New international student visa measures for Australia
The Australian government has announced new measures to make it easier for international students to obtain visas to study in Australia.
Australia's Immigration Ministry says the process will be made easier by reducing the assessment levels or minimum requirements for foreign students from 29 countries, including India and China.
The move follows recommendations of a review undertaken last year, to address significant falls in international student enrolments in recent years.
Private education providers say the changes don't go far enough.
Correspondent: Girish Sawlani
Speakers: Chris Bowen, Australian Immigration Minister; Sarah Logan, deputy principal, Strathfield College; Ingeborg Loon, Australian Council for Private Education and Training
- SAWLANI: The international education sector is Australia's third largest export earner, behind coal and iron ore. But the $AUD17 billion a year sector has been under threat in recent years- with universities, English language colleges and vocational training institutes reeling from sharp drops in international student enrolments.
2011 saw falls of up to 30 percent, from some of the key source countries. The biggest drop coming from India, following the highly publicised attacks against Indian students. The problem was also exacerbated by the high Aussie dollar, the closure of rogue private education firms, and tough immigration policies, making it harder of students to obtain permanent visas to work in Australia after graduation.
Sarah Logan is the deputy Principal of the Strathfield College, a vocational education and training institute in Sydney
LOGAN: We're back down about 40 per cent and I'm sure every other college listening to this now will probably be thinking something similar and it's really no fault of our own. We've kept the same standards, we maintained our continued improvement processes, and we've been audited. You know we're doing everything right, we're improving all our quality across the board. However, the students are just not there. Now I don't think it is just the visa assessment levels themselves, I do think there are a number of other in this, and that the GFC (global financial crisis) is definitely one of them.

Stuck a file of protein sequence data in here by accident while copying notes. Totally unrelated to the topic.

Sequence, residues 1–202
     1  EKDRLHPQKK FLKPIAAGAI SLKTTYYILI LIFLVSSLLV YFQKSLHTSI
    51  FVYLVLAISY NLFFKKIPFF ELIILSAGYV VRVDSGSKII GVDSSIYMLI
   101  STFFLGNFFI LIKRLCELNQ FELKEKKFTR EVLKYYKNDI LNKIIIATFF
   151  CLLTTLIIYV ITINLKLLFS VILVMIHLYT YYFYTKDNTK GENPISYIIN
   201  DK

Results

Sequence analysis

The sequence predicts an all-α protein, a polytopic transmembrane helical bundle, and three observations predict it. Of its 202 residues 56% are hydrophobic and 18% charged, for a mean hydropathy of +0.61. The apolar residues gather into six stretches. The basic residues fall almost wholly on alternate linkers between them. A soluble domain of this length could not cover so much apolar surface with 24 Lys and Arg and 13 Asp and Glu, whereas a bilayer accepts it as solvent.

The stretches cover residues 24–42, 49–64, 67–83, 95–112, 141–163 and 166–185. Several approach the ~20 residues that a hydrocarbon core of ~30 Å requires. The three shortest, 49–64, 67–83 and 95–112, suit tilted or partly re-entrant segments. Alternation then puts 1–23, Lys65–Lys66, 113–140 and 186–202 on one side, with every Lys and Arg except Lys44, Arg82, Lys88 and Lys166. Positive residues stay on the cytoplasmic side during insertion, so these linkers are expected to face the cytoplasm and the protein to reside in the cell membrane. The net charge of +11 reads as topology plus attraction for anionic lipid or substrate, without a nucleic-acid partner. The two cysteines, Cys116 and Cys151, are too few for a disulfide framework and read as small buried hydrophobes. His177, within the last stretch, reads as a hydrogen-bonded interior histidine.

SAWLANI: Those falls prompted a major review undertaken last to address the problem. The review undertaken, by former Olympics Minister Michael Knight, recommended the introduction of two to four year study work visa for students who have graduated, and a significant reduction in the amount of funds students must have in their bank accounts in order to qualify for study visas. Those recommendations were among 41 others that were accepted by the government.
Now the Immigration Ministry has announced it will make it easier for international students to obtain their visas by reducing assessment levels for 29 countries - particularly in the postgraduate sectors, English Language Intensive Courses for Overseas Students (ELICOS) and Vocation Education Training (VET).
Chris Bowen is Australia's Immigration Minister